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Could a red tide be the cause of the two stranded whales?



Mote Marine Laboratory receives 2 pygmy killer whales on Wednesday, August 29, 2018.

Photos of Conor Goulding / Mote Marine Laboratory

SARASOTA, Fla (WFLA) – Two dwarf killer whales stranded in Clearwater are now being treated at the Mote Marine Lab. Scientists are trying to find out if the red tide is the culprit.

Wednesday morning, a shocking sight appeared in Clearwater: two dwarf killer whales. Of course, it was surprising for beach visitors, but it was also surprising for the researchers, because not much is known about these creatures.

"They are pretty rare," said Gretchen Lovewell, Program Manager for Mote Marine Laboratory Stranding's Investigation Program

The whales receive fluids and antibiotics. Blood samples were taken to see if they were suffering from red tide.

"We do not know, these animals strand quite often when they come close to the shore and we will test them for them, there are currently no signs of their behavior that we suspect, but we will certainly test it," he said Love Well.

They are monitored 24 hours a day by volunteers and staff.

"One animal had to be supported and run all night, the other animal was swimming freely," she explained.

Researchers say it's possible that they got sick because they had eaten sea life that was infested with the poisonous algae.

These first days are critical; most stranded whales do not survive very long.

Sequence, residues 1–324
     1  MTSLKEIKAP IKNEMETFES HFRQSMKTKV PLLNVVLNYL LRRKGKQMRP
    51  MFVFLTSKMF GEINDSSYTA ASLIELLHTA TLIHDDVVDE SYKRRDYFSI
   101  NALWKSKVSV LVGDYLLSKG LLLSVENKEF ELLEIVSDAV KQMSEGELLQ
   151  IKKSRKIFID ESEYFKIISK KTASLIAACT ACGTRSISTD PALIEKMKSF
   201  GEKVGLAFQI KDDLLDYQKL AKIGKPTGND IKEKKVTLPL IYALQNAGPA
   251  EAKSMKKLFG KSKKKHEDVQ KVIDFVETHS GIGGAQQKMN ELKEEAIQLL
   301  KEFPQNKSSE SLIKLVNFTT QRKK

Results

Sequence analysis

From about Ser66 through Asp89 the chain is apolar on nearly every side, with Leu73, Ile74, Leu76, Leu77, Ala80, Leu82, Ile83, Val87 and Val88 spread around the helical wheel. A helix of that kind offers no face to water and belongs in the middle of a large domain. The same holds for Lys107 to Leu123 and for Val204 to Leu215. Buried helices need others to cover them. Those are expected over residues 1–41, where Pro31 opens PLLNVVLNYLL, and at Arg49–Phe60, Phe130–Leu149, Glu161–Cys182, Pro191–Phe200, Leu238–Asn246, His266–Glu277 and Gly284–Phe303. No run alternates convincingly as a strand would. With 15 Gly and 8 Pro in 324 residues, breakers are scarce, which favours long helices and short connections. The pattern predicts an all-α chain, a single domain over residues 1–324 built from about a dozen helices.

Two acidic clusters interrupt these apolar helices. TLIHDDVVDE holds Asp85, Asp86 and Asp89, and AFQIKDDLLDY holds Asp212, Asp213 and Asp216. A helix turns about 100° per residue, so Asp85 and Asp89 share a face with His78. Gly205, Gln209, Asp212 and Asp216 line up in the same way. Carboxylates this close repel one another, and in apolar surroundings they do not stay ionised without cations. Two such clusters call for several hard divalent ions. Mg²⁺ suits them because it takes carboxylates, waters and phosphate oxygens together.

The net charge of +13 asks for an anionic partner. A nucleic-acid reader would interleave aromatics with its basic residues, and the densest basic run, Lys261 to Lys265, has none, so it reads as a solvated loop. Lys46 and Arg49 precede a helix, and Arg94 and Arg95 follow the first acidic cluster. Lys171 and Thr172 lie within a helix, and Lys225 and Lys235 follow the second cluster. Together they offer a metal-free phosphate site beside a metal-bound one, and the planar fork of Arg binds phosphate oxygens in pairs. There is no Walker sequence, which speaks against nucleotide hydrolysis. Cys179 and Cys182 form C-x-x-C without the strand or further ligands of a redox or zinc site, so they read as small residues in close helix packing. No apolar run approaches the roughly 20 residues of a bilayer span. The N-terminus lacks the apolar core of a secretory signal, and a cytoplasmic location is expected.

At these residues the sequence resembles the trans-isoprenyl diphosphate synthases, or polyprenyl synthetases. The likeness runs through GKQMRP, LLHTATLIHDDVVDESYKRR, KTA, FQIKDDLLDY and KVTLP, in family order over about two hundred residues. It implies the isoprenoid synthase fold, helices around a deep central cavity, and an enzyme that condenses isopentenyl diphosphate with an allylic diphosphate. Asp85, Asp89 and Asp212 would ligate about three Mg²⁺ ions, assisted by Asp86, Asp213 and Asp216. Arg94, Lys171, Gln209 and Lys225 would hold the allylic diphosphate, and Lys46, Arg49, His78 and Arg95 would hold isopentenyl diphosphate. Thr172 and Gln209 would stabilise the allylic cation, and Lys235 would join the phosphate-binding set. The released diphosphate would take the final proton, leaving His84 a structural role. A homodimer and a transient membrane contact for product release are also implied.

Officials said Wednesday that three other whales were near the coast. Luckily they did not get lost themselves, but it's always possible.

"We are on high alert for at least the next few days to see if these others are coming," Lovewell said.

Whales survive, but they only take it day after day.

"I will not be too optimistic right now, I just stay alert," Lovewell said.

This gives the scientists a rare opportunity.

"They are animals that are poorly understood because we only see them when people are off the coast, so we now have a really great opportunity to learn from these animals regardless of exit," Lovewell said.

The blood samples will take a few weeks to process, so it may take a while to see if Red Flood has made these animals sick.

If the whales survive, officials expect to put markers so they can be monitored for release.

The treatments are very expensive. Mote is a non-profit organization and these medicines cost several thousand dollars. If you are interested in supporting Mote, click here.


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